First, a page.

Answer: I support the province working in partnership with communities to give them the support they need to handle local issues like reducing waste. Under the BC NDP, the provincial government is already demonstrating this approach and taking steps to reduce waste and stop pollution in our communities. For example, recent government actions have laid the groundwork to allow local governments to ban certain types of plastic products, such as shopping bags, plastic straws, and polystyrene foam take-out containers, and we have also partnered with the federal and local governments on a new Organics Infrastructure Program, which will help communities divert organic waste away from landfills. UBC Sustainability also has the Zero Waste Action Plan, which you can read more about at: https://sustain.ubc.ca/campus/recycling-waste/zero-waste-action-plan.
Question: What concrete steps is the government taking to address the severe financial difficulties of students with families beyond interest free loans?
Answer: Higher education is extremely costly, and I know that students are struggling more than ever to keep up with tuition and basic living expenses, especially in Vancouver. Students with young families face additional challenges like childcare. That’s why the BC NDP is committed to helping make life more affordable for students and their families through a number of initiatives. Some examples include:
- Reestablishing the needs-based student grants, which were cancelled by the BC Liberals, to make post-secondary education and training more affordable;
- Investing $12 million to support graduate degree scholarships for Masters and Doctoral degree students;
- Supporting and delivering in partnership with UBC the development of hundreds of new units of student rental housing to assist students in reducing transportation and off-campus housing costs; and
- Investing in open education resources, including more open textbooks for students and instructors, thus reducing the burden of cost and leveling the playing field for students at post-secondary institutions across the province.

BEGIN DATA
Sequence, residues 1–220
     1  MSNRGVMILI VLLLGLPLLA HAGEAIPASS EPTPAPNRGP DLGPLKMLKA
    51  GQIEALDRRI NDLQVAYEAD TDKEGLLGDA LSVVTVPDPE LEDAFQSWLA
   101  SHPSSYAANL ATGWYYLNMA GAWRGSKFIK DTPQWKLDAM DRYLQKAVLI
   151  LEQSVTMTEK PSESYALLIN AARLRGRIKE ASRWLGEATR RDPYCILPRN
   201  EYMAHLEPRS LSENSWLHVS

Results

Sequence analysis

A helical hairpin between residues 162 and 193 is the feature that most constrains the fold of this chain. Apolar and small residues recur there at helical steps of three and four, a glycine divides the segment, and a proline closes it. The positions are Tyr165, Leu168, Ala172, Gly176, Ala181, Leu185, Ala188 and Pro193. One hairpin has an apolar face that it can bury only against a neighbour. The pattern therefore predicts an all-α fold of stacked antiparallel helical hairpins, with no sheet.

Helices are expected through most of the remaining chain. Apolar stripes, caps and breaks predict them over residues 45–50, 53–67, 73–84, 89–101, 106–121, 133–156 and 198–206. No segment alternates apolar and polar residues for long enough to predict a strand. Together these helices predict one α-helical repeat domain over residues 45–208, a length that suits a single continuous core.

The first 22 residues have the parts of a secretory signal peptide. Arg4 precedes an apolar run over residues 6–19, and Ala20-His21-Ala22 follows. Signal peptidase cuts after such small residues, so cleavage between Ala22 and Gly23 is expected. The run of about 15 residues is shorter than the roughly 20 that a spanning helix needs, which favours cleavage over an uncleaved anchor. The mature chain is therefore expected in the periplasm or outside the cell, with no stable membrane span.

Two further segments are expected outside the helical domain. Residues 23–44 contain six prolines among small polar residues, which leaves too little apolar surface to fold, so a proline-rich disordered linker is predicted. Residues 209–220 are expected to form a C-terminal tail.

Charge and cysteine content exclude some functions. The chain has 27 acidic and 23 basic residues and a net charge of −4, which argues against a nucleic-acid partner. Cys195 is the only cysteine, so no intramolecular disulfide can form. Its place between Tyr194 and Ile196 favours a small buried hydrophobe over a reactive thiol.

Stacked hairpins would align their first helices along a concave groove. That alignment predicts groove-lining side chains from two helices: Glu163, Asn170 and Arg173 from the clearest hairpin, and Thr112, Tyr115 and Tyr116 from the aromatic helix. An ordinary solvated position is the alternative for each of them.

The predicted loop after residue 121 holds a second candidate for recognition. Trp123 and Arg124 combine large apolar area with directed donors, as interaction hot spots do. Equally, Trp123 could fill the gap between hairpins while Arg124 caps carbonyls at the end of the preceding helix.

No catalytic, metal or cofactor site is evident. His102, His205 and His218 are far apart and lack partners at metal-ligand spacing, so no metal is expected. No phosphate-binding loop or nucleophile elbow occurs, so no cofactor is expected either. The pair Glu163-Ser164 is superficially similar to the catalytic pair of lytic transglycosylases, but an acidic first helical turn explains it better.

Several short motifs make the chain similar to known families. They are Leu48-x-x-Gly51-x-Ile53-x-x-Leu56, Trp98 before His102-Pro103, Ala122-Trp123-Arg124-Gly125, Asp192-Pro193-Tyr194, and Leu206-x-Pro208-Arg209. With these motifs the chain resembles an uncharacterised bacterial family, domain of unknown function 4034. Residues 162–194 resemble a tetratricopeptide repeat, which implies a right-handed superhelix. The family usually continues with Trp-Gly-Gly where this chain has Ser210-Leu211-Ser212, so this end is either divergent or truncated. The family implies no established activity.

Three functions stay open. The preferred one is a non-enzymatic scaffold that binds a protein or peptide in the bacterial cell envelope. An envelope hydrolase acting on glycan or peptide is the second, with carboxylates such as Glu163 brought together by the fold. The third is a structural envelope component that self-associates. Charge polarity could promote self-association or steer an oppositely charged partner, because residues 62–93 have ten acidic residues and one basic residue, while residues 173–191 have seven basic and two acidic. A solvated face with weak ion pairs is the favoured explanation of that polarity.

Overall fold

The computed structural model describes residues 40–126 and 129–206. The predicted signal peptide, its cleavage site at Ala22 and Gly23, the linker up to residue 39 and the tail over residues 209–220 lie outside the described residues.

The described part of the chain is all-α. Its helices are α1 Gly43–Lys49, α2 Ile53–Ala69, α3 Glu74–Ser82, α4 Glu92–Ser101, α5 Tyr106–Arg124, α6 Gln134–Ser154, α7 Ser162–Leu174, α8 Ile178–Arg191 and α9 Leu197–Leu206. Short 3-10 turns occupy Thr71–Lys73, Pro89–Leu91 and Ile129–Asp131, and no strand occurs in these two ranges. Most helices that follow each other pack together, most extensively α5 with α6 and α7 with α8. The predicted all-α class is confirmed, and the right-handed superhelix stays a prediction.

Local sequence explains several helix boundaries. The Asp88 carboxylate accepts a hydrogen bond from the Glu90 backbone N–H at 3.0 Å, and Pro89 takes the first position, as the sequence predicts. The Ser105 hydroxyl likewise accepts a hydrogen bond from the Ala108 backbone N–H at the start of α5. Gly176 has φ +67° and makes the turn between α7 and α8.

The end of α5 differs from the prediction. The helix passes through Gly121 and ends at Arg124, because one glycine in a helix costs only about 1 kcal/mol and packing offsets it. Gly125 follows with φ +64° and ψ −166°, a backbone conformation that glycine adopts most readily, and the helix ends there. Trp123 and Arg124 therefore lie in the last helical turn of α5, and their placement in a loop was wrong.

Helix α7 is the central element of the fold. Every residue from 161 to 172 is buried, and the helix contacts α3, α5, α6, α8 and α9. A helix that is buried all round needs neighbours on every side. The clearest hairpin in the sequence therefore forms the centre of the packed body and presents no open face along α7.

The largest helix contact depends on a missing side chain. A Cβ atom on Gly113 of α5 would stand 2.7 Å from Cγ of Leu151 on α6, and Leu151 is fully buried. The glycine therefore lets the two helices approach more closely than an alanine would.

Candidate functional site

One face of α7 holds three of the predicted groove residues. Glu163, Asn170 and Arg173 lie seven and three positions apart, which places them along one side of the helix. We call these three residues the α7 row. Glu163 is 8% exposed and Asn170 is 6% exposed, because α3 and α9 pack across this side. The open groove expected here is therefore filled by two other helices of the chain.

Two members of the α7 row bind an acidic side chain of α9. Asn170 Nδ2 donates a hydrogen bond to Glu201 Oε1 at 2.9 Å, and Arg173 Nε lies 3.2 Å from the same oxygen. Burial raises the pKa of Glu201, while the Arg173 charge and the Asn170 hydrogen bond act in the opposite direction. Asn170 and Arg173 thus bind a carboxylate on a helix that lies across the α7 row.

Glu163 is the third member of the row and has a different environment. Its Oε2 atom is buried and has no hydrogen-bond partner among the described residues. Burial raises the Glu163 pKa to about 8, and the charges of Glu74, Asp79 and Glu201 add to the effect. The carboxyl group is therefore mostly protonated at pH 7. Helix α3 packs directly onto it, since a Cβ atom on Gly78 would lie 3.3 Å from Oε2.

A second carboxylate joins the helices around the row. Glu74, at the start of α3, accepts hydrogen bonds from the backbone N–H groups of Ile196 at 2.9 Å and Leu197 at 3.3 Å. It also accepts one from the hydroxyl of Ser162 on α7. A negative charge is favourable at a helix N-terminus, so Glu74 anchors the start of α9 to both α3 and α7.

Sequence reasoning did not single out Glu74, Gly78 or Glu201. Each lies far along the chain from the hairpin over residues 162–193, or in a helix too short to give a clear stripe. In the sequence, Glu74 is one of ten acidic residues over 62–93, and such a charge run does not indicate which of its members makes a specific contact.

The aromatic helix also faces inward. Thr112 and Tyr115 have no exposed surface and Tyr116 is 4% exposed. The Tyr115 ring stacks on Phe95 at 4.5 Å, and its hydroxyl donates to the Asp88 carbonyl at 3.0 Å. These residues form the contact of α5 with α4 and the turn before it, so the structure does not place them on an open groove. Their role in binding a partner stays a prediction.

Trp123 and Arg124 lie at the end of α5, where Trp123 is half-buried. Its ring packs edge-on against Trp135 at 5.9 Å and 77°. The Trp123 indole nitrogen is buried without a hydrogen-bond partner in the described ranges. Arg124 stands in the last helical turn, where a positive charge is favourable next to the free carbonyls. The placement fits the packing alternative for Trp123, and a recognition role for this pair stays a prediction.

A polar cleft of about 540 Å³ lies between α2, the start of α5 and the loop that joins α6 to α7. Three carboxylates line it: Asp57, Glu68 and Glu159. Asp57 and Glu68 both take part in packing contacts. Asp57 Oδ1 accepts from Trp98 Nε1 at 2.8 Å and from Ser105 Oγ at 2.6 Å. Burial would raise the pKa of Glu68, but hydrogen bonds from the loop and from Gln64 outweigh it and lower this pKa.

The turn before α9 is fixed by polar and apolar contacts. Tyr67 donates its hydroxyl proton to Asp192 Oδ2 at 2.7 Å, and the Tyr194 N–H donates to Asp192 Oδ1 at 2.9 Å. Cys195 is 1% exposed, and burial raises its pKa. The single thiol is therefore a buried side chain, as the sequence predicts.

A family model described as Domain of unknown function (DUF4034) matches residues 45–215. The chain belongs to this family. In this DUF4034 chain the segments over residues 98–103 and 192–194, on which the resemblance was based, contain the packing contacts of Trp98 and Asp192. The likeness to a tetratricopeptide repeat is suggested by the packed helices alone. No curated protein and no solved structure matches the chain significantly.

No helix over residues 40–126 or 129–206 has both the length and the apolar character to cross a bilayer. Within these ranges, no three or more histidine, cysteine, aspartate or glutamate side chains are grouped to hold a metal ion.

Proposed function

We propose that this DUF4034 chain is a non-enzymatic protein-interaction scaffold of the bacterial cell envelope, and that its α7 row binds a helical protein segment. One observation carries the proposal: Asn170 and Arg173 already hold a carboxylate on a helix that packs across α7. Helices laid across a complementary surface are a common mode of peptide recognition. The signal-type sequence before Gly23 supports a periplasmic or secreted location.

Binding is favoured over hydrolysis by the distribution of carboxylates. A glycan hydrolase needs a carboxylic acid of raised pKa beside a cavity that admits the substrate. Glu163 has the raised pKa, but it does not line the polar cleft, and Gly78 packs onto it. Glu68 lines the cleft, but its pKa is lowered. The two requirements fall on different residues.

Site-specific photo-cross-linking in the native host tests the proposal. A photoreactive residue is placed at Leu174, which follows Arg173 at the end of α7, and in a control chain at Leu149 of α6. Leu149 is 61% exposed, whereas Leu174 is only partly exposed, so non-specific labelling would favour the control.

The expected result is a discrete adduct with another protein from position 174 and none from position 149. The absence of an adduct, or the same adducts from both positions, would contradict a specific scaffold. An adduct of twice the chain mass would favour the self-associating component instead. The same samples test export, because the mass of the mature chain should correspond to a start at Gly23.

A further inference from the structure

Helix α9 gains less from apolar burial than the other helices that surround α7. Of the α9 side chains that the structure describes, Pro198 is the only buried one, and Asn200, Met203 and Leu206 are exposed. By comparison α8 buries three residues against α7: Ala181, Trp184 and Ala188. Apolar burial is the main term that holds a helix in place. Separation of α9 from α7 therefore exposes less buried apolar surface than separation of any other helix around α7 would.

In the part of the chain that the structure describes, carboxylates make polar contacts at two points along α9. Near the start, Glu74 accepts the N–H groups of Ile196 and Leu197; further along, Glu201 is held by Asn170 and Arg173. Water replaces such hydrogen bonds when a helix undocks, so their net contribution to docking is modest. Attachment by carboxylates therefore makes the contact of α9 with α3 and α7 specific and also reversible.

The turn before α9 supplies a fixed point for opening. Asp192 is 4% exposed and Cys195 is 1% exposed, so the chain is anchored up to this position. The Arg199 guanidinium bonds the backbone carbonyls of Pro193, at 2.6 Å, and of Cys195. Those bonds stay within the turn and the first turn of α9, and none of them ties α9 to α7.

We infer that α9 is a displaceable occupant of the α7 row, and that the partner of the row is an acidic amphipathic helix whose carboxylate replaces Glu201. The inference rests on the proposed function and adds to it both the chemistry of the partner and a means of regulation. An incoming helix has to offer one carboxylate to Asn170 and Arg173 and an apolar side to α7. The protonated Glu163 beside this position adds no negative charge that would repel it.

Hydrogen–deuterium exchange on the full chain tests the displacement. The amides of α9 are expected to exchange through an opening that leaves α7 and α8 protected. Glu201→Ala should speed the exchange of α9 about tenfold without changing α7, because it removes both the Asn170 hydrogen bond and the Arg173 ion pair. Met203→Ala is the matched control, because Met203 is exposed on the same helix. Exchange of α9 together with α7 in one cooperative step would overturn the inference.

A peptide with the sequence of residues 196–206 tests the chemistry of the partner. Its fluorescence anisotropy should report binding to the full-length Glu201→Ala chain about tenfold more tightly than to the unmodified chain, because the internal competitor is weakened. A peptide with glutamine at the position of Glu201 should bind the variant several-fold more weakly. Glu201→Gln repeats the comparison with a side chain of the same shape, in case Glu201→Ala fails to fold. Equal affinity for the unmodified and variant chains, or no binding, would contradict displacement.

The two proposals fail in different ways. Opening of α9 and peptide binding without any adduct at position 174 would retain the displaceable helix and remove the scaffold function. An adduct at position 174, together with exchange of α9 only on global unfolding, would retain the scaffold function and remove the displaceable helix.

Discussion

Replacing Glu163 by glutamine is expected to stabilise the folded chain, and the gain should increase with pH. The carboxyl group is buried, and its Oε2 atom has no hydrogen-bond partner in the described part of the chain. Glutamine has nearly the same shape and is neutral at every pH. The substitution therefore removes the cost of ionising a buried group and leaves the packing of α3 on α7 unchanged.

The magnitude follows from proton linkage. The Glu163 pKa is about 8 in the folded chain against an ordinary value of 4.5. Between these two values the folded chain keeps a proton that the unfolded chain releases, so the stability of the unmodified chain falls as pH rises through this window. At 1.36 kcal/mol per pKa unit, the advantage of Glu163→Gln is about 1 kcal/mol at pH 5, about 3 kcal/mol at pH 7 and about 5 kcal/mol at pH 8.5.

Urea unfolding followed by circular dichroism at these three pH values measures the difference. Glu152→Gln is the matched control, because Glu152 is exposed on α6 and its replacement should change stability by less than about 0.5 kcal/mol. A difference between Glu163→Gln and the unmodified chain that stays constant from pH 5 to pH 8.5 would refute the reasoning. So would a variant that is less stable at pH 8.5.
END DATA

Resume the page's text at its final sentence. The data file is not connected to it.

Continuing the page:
In order to help students with young families, a number of other initiatives have been undertaken to address affordability for families more broadly, including:
- Eliminating MSP premiums, which saves the average family of four $2,500/year;
- Investing a record $1.3 billion in child care over three years in order to build the foundation for a universal child care system that will give B.C. parents access to affordable, quality child care when they want or need it; and
- Supporting and delivering, in partnership with UBC, the development of more than 100 new childcare spaces at UBC for faculty, staff, students and the public, including badly needed infant care spaces.
Question: Would the BC NDP support BC midwives by committing to support a stable and sustainable contract that compensates midwives fairly?
Answer: I support the vital role that midwives play in healthcare for expecting parents in our community and province. British Columbia has the highest rate of midwife-assisted births in Canada, so I know that British Columbians share my understanding that a midwife can help many new families navigate the challenges and enjoy the magic of the birth of a new child. I am very grateful to the brave work of community midwives supporting new parents throughout the pandemic, and will always advocate for fair support for midwives and the important work that they do.